The trouble with good manners is that people are persuaded that you are all right, require no protection, are perfectly capable of looking after yourself. And some people take your impassivity as a calculated insult, as Alix seemed to be doing now. Still I smiled.
I found Look At Me so devastatingly incisive about loneliness, longing, having an acute awareness of how others see you, and the exquisite pain of dashed hope. It certainly won't be my last Brookner.

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Sunday, 17 July 2016

This week's links: 17 July 2016

  • If you've ever wanted to read the definitive history of Yankee Candle, here it is.
Sasha Rudensky From Remains (2004-2007) by Sasha Rudensky

Writing on books & literature:
David Burdeny
From Russia: A Bright Future, 2014-2015 by David Burdeny

Writing on the internet & tech:
Writing on music, TV and film:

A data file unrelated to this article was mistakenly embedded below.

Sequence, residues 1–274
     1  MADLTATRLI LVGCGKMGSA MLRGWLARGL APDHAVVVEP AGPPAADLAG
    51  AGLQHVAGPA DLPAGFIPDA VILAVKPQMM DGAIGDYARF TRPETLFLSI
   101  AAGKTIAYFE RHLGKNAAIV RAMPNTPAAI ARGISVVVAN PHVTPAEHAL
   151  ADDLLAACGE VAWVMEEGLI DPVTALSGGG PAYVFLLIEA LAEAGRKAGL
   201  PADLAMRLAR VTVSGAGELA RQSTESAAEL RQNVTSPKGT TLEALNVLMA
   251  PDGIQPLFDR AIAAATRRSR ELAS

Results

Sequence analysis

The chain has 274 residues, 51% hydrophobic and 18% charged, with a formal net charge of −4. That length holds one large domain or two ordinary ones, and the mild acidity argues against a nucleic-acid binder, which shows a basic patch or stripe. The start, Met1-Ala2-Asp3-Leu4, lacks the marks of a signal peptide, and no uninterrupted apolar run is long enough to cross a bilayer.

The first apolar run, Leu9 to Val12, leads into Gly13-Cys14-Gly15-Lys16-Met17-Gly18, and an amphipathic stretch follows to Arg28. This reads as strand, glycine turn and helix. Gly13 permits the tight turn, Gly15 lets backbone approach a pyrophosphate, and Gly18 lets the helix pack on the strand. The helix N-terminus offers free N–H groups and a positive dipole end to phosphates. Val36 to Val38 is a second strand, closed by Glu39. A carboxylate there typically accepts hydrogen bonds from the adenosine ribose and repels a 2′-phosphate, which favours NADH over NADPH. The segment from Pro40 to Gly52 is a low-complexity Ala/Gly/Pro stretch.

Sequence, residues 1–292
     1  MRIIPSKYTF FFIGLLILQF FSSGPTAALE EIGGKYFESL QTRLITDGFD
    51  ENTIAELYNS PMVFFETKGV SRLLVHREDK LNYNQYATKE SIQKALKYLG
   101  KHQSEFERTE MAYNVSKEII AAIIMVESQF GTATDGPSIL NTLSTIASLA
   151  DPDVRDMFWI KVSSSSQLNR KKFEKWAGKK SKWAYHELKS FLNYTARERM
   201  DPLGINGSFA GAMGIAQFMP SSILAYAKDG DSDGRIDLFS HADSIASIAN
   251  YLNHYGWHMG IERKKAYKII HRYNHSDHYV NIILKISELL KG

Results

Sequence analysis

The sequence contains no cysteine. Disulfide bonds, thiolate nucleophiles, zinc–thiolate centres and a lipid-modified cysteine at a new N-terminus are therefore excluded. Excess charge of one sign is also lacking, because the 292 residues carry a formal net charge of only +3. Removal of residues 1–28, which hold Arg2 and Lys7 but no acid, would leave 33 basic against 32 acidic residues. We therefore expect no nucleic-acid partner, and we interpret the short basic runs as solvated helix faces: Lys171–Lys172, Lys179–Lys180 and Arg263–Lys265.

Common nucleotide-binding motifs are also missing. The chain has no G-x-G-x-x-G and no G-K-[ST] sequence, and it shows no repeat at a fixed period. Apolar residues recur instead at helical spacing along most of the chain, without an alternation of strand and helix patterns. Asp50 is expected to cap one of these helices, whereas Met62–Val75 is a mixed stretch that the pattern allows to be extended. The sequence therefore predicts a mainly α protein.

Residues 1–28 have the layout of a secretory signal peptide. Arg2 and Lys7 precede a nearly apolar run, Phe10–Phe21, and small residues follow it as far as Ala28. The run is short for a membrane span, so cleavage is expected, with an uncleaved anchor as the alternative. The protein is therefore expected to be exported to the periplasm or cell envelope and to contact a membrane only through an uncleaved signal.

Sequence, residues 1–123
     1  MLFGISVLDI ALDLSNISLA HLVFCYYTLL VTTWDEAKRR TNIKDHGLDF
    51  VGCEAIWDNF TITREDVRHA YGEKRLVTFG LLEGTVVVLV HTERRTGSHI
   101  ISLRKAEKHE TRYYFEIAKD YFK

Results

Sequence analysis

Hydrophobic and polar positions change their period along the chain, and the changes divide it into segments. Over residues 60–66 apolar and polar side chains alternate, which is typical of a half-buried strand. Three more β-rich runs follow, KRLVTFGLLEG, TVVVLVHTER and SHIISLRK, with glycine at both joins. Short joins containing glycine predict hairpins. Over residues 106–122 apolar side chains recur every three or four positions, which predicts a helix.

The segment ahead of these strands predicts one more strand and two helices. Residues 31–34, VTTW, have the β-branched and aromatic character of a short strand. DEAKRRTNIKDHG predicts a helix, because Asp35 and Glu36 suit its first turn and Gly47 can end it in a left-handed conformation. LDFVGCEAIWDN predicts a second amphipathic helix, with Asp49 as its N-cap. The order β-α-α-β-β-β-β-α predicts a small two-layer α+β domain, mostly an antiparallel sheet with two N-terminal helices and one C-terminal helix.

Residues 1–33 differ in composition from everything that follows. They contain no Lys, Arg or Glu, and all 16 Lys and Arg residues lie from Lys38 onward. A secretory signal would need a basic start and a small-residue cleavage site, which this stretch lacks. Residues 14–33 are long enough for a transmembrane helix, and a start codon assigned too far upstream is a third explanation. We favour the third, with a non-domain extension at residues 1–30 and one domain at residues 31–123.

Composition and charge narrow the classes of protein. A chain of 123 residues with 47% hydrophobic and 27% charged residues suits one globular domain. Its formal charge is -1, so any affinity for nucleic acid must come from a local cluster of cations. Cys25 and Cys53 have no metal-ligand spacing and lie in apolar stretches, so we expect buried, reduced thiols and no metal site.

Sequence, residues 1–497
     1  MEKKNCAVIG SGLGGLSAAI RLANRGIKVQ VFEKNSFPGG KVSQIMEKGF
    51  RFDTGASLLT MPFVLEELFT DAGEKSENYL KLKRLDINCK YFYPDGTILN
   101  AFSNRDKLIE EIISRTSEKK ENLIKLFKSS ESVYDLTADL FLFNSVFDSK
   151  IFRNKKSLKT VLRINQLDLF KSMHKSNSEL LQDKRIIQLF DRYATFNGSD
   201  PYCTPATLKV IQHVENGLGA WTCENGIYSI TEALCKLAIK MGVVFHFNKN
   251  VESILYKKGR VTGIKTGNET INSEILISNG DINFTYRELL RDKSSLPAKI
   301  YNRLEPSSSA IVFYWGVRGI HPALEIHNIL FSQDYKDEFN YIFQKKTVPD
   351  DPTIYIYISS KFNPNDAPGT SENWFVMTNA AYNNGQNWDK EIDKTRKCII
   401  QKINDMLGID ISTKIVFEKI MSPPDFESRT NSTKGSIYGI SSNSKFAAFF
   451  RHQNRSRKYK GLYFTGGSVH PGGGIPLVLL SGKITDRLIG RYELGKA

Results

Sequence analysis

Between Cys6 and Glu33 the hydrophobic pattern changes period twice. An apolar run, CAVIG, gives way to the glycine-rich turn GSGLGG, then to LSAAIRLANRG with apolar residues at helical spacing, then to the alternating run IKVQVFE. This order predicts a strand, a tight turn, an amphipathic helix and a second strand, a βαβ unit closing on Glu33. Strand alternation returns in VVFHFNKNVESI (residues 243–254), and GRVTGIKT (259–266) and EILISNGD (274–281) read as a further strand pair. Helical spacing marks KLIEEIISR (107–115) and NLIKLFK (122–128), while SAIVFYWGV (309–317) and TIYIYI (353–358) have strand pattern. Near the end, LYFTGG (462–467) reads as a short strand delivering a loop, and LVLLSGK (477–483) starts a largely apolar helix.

Ralph Bull
Alexandria, Virginia 2012
 by Ralph Bull

Other essays, opinion pieces, blog posts and things:
'This week's links' is a compilation of interesting things I've seen or read online recently. Important disclaimer: linking to something isn't the same as agreeing with/endorsing every word of it.

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Tuesday, 5 July 2016

Reading round-up: June

June 2016 books

Where Love Begins by Judith Hermann, translated by Margaret Bettauer Dembo – Full review / Buy
There's something pervasively dreamlike about this novel, the story of a woman who keeps being bothered by a neighbour. It's written in a simple, matter-of-fact style, and not much really happens: the 'stalker' doesn't do much more than knock on the door and write letters, which remain mostly unread. And yet I found it weirdly gripping. One for those who value atmosphere over a dramatic plot.

Invincible Summer by Alice AdamsFull review / Buy
Like a mash-up of David Nicholls' One Day and a much lighter version of Linda Grant's Upstairs at the Party, this debut follows a group of four friends for twenty years, starting with their first summer as students. Their disparate backgrounds and fates make for an enjoyable, if forgettable, journey through the past couple of decades.

Babbling Corpse: Vaporwave and the Commodification of Ghosts by Grafton TannerBuy